New Negro Politics in the Jim Crow South

Title Details

Pages: 200

Trim size: 6.000in x 9.000in



Pub Date: 10/01/2016

ISBN: 9-780-8203-3512-4

List Price: $54.95


Pub Date: 10/15/2018

ISBN: 9-780-8203-5476-7

List Price: $26.95

Subsidies and Partnerships

Published with the generous support of Sarah Mills Hodge Fund

New Negro Politics in the Jim Crow South

The South as an important source and developer of black activism during the 1920s and 1930s

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  • Description
  • Reviews

This study details how the development and maturation of New Negro politics and thought were shaped not only by New York–based intellectuals and revolutionary transformations in Europe, but also by people, ideas, and organizations rooted in the South. Claudrena N. Harold probes into critical events and developments below the Mason-Dixon Line, sharpening our understanding of how many black activists—along with particular segments of the white American Left—arrived at their views on the politics of race, nationhood, and the capitalist political economy.

Focusing on Garveyites, A. Philip Randolph’s militant unionists, and black anti-imperialist protest groups, among others, Harold argues that the South was a largely overlooked “incubator of black protest activity” between World War I and the Great Depression. The activity she uncovers had implications beyond the region and adds complexity to a historical moment in which black southerners provided exciting organizational models of grassroots labor activism, assisted in the revitalization of black nationalist politics, engaged in robust intellectual arguments on the future of the South, and challenged the governance of historically black colleges.

To uplift the race and by extension transform the world, New Negro southerners risked social isolation, ridicule, and even death. Their stories are reminders that black southerners played a crucial role not only in African Americans’ revolutionary quest for political empowerment, ontological clarity, and existential freedom but also in the global struggle to bring forth a more just and democratic world free from racial subjugation, dehumanizing labor practices, and colonial oppression.

An important addition to the field because it argues that black nationalist politics, labor activism, and political organizing among black southerners were also exemplary of the New Negro era . . . Harold’s text necessarily expands our understandings of the New Negro era and black southerners, who a generation later became the architects of the civil rights movement.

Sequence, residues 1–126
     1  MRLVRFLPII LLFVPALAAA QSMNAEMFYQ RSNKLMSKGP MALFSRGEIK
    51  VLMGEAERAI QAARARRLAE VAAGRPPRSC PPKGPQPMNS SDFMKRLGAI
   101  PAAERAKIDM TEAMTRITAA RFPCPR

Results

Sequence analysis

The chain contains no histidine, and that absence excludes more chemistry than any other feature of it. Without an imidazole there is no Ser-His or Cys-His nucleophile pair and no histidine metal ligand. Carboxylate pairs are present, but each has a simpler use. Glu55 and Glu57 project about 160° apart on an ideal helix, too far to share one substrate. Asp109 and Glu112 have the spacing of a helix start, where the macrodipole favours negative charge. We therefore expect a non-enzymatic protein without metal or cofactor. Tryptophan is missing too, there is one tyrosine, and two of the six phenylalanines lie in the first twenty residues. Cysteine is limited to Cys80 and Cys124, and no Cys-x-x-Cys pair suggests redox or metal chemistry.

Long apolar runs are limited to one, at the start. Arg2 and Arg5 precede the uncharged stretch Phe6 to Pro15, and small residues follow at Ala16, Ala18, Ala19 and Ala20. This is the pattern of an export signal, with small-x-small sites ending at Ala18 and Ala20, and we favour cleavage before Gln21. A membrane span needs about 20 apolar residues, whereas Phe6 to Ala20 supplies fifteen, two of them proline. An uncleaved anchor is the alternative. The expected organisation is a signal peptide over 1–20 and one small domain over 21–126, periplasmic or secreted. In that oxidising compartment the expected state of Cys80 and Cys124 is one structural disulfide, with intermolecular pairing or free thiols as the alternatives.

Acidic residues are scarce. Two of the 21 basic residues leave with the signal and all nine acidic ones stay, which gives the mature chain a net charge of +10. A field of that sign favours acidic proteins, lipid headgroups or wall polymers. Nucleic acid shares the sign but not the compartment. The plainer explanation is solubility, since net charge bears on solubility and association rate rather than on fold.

—Marcia Walker-McWilliams, Journal of Southern History

This book unquestionably adds to our broader sense of the New Negro Movement, taking it beyond the comfortable borders of the urban North into the messier field of operation in the South. This history is highly readable and should be read by contemporary activists and organizers doing their work in the South. New Negro Politics in the Jim Crow South fleshes out the legacy of broad and dynamic fronts against racism and worker exploitation in what is often dismissed as the nation’s retrograde region.

—J. T. Roane, Black Perspectives

Harold makes a cogent case for recovering the unheralded 1920s Southern black activists and intellectuals who 'helped to sow the seeds of change' (138) by challenging, promoting, and putting forth new working-class centered ideas for black liberation.

—Erik S. Gellman, The Black Scholar

Never again can scholars and public observers make the slipshod claim that the southern arm of the Black Freedom movement began after WW II. In this powerful and epic rendering of the southern New Negro movement, Claudrena Harold destroys the still resilient notions of Black southern backwardness awaiting uplift and politicization from northern interlopers or Cold War geopolitics.

—Davarian Baldwin, Journal of Social History

Claudrena Harold’s work will encourage scholars toward further research in New Negro and radical black nationalism that informed and enriched the African American freedom struggle in the South.

—Charles L. Lumpkins, American Historical Review

By placing New Negro thought as an essential part of black politics in the South, Harold provides both historical context for understanding the roots of political activism and insights into the critical analysis of how racism impacted the communities and therefore what were deemed to be the most effective models of political resistance. This insight serves to both complicate and clarify the impact of New Negro thought; it reveals how much of political activism took root from and overlapped with more recognized models of protest activity and how the cultural effects of New Negro thought inspired protest activity in Southern communities.

—Kevin Anderson, Journal of African American History

About the Author/Editor

CLAUDRENA N. HAROLD is an associate professor of history at the University of Virginia. She is the author of The Rise and Fall of the Garvey Movement in the Urban South, 1918–1942 and coeditor, with Deborah E. McDowell and Juan Battle, of The Punitive Turn: New Approaches to Race and Incarceration.